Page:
The idea here is that the insurer makes more money if more people renew their policies, so it can reduce the cost of coverage as a reward.

Pricing advantages can also occur in distribution, underwriting and administrative costs, and in claims experience (due to reduced adverse selection). If the combination product contains offsetting risks, the insurer's hedging costs and capital charges can be lower. However, combination products can also have pricing disadvantages, such as higher corporate income taxes or more conservative pricing assumptions to reflect uncertainty. They may also require the purchase of new administrative systems.

Several researchers have argued that combinations of annuities and long-term care insurance can enhance financial security in retirement at a lower cost than standalone policies. Getzen and Hall (1987) designed a "long life insurance plan" that would provide a per-diem payment for nursing home stays, coupled with a delayed life annuity. Using Canadian mortality and morbidity data, Christopherson (1990, 1992) designed a "disability-escalating retirement annuity" that would increase the base monthly income by 20% to 70% if the annuitant could not perform specified activities of daily living (such as bathing, dressing and eating). Healthy annuitants would receive a slightly lower payment than they would with a traditional (non-escalating) life annuity.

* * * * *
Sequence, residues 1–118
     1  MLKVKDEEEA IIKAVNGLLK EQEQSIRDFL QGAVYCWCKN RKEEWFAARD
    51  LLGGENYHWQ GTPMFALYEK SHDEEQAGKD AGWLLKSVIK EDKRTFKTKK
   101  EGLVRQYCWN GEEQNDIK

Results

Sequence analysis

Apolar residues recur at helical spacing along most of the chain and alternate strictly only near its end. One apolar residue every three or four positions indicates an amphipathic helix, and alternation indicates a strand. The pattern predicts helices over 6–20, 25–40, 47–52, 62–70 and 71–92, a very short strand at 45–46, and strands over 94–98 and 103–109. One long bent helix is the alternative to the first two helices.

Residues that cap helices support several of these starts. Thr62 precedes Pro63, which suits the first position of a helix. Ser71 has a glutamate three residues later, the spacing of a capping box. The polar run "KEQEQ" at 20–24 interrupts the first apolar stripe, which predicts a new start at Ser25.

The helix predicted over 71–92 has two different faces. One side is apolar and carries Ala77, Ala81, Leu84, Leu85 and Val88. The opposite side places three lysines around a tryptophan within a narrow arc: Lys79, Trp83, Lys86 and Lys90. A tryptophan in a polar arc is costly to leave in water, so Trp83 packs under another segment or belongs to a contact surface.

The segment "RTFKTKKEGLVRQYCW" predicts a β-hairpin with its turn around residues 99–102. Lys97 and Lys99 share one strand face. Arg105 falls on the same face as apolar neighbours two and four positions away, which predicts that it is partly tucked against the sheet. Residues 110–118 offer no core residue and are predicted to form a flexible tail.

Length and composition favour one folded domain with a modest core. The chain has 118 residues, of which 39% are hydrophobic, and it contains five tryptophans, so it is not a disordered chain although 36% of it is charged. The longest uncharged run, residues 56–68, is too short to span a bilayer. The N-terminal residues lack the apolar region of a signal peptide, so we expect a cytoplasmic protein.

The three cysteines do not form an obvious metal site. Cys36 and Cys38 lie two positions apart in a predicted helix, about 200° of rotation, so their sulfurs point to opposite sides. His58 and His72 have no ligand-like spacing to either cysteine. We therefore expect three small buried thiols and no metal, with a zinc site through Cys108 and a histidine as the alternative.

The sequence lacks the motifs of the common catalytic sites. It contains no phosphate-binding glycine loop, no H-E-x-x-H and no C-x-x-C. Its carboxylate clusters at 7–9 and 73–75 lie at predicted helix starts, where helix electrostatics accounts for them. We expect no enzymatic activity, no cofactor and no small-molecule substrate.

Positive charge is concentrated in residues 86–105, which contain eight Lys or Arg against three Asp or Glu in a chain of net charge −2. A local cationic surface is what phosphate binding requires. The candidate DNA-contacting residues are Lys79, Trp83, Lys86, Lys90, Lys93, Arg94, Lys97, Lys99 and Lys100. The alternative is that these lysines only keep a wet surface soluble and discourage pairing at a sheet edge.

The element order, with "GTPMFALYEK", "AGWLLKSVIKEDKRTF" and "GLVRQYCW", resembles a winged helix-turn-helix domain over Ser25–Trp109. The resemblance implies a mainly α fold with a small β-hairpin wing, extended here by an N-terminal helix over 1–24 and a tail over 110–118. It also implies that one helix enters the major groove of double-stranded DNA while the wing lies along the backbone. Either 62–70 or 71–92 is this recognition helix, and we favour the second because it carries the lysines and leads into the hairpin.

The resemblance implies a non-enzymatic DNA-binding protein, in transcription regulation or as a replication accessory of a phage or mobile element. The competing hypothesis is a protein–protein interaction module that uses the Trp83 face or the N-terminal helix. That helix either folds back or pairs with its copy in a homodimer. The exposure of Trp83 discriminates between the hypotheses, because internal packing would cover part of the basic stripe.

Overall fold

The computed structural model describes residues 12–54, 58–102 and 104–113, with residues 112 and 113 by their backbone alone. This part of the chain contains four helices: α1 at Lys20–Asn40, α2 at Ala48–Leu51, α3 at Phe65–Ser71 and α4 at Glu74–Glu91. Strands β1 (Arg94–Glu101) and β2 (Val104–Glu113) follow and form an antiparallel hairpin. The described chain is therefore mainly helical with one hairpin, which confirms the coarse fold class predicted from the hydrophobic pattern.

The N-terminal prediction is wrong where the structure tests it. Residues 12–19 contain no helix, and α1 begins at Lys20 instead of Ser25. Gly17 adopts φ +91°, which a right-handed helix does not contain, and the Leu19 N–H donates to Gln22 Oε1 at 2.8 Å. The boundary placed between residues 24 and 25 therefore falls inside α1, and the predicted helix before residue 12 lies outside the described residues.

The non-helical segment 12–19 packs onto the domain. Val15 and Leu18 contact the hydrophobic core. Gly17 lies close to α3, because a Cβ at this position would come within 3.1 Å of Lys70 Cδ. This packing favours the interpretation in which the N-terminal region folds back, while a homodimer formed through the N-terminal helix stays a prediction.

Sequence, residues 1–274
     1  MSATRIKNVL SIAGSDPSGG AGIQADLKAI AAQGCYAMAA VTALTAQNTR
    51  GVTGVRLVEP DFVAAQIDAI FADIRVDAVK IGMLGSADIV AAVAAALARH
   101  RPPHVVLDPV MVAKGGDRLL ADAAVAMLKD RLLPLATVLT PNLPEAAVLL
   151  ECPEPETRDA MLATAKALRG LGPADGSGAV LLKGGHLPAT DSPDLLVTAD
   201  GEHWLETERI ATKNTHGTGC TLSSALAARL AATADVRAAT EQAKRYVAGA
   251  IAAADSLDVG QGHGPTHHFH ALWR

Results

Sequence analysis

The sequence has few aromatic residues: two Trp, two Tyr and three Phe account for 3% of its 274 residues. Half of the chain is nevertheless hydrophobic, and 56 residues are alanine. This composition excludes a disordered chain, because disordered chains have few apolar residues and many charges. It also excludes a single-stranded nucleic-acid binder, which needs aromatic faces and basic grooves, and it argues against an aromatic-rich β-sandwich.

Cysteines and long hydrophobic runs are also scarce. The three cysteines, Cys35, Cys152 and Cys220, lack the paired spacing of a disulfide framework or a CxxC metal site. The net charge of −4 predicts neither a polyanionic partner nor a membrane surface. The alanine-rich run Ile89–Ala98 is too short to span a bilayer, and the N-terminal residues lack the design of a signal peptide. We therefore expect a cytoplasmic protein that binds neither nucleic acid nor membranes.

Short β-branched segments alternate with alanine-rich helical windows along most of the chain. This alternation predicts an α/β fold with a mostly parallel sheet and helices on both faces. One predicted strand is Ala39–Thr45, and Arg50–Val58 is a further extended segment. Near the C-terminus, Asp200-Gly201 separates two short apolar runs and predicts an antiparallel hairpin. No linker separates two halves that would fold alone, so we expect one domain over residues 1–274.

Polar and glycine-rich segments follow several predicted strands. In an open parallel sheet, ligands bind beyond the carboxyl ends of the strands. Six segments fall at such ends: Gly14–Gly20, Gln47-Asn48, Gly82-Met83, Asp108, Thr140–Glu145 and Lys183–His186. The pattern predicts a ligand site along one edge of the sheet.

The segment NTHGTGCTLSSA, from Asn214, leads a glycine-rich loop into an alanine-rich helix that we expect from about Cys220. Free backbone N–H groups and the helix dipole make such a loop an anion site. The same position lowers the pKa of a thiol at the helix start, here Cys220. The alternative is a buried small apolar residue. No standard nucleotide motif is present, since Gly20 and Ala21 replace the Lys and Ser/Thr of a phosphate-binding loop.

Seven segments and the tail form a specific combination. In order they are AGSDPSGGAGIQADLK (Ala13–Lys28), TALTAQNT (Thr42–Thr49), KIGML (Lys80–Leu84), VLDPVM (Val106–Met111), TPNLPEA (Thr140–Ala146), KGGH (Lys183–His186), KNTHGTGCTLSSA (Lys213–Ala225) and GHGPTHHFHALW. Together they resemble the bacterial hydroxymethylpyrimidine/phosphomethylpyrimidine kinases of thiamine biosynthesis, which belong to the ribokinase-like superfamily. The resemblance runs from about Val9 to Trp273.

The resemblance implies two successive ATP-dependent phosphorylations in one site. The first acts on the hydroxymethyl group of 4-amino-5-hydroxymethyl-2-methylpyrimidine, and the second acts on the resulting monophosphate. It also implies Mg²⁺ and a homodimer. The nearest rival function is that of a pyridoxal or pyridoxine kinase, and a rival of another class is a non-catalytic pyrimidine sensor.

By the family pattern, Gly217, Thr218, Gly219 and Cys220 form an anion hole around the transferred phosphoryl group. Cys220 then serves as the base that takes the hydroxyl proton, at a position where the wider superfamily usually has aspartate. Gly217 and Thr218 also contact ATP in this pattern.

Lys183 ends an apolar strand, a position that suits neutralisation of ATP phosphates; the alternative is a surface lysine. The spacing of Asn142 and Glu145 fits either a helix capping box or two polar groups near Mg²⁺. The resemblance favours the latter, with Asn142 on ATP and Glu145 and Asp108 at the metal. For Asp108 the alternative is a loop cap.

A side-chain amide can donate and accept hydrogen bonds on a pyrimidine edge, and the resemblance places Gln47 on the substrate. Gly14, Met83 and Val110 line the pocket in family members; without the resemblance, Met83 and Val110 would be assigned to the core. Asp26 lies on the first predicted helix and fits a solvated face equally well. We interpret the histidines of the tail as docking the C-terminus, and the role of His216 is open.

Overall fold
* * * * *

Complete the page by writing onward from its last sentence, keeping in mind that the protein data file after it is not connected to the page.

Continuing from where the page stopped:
Murtaugh, Spillman and Warshawsky (2001) designed a life annuity that would provide a 200% to 300% higher payment triggered by the inability to perform activities of daily living. Using adjusted U.S. mortality data, they estimated that the combination policy would cost 3% to 5% less than comparable standalone policies, on a single-premium basis. The price of the combination policy would also be relatively insensitive to actual long-term care benefit payments, because of the greater importance of the life annuity payments.

Combination products can offer features that are not available in standalone policies.